Web Terms: Part 1 (The Process)

Web Terms: Part 1 (The Process)
in: The Basics

A lot of terms get thrown around during the planning stages of a new website. Don’t just nod along, get yourself up to speed here!


Wireframes focus on what a page does, not what it looks like. They lack all things fancy: fonts, colors, images; their purpose is function and visualizing how all the pieces of a site fit together. Which content is top priority? How will interior page navigation be setup? Will the blog page need a different layout than regular content pages? Working out all the kinks before design elements are added forces content to be properly organized and evaluated from a functionality standpoint, reducing the amount of reworking required down the line.

Design Comp

Using colors, fonts and graphics that correspond to the company’s brand, the designer will flush out the wireframe and bring the content to life. The resulting design comp is a mockup of what the final website will look like.


Development is the stage where the actual coding happens, taking your project from a static design to an interactive web experience.

Responsive Web Design (RWD)

Responsive web design is when the layout of a site “responds” to the viewing device, ensuring an optimal user experience regardless of screen size. If you’ve ever browsed the web on your phone and come across a site with teeny-tiny type and impossible-to-click-the-right-one links, safe to bet it wasn’t responsive. A few years back separate mobile sites became popular to help combating the sausage-finger complex using desktop sites on smartphones was giving us, but having to maintain two different sites was far from ideal. RWD solves this problem by using media query breakpoints within one site build to manipulate the layout and styles served at various screen sizes.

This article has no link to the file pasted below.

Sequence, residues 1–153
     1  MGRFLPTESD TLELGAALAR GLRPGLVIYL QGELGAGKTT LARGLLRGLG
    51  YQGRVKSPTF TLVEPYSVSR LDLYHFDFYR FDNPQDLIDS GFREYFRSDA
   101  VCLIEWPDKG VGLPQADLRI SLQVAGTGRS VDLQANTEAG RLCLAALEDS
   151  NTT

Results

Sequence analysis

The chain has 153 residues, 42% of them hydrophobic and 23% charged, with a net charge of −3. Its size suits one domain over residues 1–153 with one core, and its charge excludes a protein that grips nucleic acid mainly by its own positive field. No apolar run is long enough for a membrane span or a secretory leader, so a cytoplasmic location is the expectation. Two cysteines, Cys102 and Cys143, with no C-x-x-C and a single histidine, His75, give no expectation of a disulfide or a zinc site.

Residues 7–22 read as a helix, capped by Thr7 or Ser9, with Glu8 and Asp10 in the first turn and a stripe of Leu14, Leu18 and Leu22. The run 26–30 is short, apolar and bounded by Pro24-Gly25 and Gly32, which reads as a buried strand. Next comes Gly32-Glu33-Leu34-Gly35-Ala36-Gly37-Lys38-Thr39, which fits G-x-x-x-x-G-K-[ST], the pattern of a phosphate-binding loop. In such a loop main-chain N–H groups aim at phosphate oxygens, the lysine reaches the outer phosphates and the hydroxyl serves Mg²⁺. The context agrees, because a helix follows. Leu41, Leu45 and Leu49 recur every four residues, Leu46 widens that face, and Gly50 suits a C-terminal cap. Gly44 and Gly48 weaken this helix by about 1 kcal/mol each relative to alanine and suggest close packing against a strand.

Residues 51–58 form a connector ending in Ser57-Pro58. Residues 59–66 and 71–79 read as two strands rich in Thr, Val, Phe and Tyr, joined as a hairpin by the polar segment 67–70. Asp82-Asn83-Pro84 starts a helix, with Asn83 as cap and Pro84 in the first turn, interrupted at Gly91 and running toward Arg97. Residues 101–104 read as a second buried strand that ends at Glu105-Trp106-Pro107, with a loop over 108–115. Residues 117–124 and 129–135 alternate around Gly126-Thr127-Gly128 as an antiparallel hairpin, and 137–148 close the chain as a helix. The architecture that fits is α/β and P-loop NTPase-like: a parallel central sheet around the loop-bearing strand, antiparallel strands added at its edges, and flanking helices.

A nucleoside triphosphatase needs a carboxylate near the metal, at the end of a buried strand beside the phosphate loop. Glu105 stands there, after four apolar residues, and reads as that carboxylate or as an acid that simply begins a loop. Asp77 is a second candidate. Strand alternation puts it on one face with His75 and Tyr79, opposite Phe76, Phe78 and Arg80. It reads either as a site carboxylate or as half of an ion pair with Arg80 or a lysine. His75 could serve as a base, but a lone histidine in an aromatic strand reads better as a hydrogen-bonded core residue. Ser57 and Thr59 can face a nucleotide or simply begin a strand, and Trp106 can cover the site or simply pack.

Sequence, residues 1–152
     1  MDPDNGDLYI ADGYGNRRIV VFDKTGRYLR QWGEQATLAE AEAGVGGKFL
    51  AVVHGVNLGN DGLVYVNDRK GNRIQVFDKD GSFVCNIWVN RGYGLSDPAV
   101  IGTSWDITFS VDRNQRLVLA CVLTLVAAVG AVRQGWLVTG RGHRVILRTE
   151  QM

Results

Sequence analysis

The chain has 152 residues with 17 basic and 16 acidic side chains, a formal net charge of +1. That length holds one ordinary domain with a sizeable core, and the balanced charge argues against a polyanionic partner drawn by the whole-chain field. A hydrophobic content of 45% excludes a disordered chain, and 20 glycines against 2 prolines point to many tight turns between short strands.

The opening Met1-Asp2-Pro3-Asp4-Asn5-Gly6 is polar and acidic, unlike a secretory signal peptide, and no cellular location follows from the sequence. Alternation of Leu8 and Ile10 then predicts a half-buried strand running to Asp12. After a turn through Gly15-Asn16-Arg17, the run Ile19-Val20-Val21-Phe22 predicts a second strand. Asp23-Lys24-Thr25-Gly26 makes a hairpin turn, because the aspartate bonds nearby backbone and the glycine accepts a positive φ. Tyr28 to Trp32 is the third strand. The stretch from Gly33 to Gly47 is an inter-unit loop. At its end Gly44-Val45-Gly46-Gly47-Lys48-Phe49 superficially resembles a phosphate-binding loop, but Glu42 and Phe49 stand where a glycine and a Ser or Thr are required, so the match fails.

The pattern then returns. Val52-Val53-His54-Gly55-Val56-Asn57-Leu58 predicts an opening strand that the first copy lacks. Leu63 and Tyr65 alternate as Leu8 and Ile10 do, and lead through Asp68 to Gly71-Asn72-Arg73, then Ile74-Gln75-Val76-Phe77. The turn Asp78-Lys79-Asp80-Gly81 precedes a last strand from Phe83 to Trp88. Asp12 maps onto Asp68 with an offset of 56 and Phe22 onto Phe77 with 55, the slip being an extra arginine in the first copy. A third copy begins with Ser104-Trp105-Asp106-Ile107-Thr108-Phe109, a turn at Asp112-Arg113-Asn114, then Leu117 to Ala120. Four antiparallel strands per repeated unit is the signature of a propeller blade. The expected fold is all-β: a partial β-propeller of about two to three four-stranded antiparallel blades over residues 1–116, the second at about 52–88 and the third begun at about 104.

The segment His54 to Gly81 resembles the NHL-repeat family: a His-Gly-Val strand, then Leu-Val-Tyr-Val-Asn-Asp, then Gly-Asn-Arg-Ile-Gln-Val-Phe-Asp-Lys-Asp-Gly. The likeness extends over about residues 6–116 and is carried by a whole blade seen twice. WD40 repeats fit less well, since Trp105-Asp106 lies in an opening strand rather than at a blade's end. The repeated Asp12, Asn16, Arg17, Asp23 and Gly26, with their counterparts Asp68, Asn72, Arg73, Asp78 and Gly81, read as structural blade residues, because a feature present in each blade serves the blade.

Media Query / Break-Points

A media query is an umbrella rule whose boundaries are defined by a breakpoint. They enable a website to reference specific sets of styles that correspond to the width of the viewing device, while breakpoints are what determine exactly when to use each of those sets of styles. If a media query spoke english, it would say “Hi,” (or maybe not, I’m not sure how friendly they are) “all of the styles defined within me will be applicable to devices tablet sized and larger.” In this case, ‘tablet sized‘ is the breakpoint. The next media query up might tell us it houses styles for desktop sized screens. Utilizing multiple media queries in this way gives developers precise control over how a site looks across a wide variety of screen widths.


The term retina refers to devices whose resolution is so high that a person can’t discern individual pixels from a normal viewing distance. Having more pixels per square inch results in sharper graphics, so a site that is retina-ready will have its images optimized for this premium quality of display.

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